This essay examines the changing relationship between the U.S. and China, the impacts of the Covid-19 pandemic on both their relationship and each country's external influence, and the implications for Southeast Asia, particularly Indonesia.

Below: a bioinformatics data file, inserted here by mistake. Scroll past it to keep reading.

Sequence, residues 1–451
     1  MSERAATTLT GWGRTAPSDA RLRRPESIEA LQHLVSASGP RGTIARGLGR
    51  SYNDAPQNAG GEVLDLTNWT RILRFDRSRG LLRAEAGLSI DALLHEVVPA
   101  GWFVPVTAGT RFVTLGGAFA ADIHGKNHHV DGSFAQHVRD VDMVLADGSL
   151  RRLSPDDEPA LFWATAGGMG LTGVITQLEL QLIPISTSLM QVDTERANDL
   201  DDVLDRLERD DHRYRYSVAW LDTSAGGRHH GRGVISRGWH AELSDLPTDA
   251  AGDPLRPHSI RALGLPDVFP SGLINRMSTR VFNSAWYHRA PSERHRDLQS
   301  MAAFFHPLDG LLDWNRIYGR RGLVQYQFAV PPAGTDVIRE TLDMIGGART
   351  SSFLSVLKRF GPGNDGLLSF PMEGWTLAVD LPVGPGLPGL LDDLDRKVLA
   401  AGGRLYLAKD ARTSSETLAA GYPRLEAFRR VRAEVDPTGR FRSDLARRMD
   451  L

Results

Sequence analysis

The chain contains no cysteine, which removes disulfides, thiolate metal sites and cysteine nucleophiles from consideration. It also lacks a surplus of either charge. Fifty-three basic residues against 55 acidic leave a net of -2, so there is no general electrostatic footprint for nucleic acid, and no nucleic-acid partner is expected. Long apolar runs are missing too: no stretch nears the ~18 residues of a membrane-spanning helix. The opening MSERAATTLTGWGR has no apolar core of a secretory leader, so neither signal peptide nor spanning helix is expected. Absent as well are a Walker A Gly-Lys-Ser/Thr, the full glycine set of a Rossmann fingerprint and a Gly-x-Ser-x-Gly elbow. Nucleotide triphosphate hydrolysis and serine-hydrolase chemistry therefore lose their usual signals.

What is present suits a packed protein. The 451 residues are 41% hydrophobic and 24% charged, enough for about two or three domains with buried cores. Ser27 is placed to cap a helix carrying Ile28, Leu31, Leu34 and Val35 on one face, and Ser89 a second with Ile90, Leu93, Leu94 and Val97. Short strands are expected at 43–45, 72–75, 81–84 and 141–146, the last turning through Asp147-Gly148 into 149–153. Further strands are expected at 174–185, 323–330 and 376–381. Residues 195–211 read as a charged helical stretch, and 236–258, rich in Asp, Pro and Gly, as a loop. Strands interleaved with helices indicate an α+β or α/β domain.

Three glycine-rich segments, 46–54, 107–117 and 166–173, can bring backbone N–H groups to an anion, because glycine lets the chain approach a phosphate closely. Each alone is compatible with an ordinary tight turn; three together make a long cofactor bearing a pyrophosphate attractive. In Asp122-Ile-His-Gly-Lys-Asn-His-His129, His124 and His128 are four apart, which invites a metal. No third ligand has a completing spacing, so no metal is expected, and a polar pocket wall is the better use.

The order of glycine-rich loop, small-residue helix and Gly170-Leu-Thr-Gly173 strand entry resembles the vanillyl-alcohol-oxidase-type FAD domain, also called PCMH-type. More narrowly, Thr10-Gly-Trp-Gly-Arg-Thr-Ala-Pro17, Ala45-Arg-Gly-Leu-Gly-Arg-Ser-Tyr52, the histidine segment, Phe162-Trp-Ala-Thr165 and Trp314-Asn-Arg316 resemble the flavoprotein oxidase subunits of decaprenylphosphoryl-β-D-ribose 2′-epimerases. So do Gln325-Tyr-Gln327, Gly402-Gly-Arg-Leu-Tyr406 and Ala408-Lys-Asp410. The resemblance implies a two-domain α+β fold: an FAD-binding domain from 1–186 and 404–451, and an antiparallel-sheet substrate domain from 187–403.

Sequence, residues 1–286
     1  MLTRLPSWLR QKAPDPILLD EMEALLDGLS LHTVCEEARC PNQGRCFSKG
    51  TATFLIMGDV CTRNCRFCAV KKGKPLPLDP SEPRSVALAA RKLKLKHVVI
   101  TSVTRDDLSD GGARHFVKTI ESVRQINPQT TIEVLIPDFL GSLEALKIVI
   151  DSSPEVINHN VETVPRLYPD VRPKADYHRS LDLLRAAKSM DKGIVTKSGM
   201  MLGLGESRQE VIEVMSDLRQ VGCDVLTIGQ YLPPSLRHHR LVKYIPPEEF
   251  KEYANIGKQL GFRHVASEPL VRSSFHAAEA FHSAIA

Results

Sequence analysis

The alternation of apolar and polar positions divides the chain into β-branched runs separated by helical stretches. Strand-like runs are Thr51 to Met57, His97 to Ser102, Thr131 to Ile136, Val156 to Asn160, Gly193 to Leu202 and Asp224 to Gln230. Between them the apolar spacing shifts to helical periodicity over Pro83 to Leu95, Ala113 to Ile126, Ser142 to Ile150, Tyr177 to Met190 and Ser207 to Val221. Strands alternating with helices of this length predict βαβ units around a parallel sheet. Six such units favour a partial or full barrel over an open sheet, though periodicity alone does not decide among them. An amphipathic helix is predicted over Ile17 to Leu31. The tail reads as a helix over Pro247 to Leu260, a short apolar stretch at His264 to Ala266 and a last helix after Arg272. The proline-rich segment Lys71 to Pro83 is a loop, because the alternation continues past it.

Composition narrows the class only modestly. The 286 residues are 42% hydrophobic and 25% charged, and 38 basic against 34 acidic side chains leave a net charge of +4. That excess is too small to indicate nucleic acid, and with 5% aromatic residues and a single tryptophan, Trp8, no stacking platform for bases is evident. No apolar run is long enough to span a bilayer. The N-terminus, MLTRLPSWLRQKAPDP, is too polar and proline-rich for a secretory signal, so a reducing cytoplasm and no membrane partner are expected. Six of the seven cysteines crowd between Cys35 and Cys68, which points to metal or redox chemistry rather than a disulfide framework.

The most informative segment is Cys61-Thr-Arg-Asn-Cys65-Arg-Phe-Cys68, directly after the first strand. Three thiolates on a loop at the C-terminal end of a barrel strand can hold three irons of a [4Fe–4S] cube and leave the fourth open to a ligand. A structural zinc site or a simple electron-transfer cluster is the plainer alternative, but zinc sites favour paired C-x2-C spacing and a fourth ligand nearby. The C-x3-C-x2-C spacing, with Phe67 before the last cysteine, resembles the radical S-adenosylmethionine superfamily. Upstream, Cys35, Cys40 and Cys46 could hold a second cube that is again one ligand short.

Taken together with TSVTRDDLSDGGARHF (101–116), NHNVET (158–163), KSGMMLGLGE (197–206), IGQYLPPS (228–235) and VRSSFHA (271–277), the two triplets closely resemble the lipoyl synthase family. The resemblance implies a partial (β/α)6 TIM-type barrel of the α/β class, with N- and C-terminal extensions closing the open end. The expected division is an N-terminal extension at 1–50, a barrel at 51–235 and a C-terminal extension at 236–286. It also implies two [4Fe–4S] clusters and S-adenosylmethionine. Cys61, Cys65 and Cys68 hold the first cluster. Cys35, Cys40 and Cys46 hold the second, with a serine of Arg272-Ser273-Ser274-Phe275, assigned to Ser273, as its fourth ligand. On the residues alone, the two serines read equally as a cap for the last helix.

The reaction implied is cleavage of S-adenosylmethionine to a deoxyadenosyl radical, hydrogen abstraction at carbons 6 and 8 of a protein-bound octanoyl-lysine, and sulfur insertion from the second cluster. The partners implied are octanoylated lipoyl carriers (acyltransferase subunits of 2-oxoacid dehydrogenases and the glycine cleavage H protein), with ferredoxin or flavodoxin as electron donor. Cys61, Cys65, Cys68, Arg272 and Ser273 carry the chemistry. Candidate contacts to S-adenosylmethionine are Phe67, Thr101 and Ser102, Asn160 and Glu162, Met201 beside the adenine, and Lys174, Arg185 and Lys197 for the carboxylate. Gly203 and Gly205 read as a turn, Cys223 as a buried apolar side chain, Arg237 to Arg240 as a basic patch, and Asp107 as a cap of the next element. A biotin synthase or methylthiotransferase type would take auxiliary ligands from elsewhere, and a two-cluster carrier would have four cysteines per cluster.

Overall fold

The tension between the U.S. and China had already begun to rise before the Covid-19 pandemic, as China has been challenging U.S. global leadership for some time. But the pandemic has worsened this rivalry by reducing trust between the two powers. The U.S. has blamed China for what it sees as Beijing's mishandling of the pandemic's outbreak, and the new Biden administration is likely to maintain a hostile policy. China, on the other hand, will keep deflecting such accusations because accepting the blame will set back its ambition to be global leader and undermine the legitimacy of the Chinese Communist Party domestically. The pandemic has already cost China dearly, as states now see the country as less trustworthy. The post-Covid-19 world will be one that is far more dangerous and conflict-prone due to this lack of trust between great powers and between states in general. The adverse impacts will be strongly felt by Southeast Asia, and especially Indonesia, whose leadership in ASEAN could be eroded.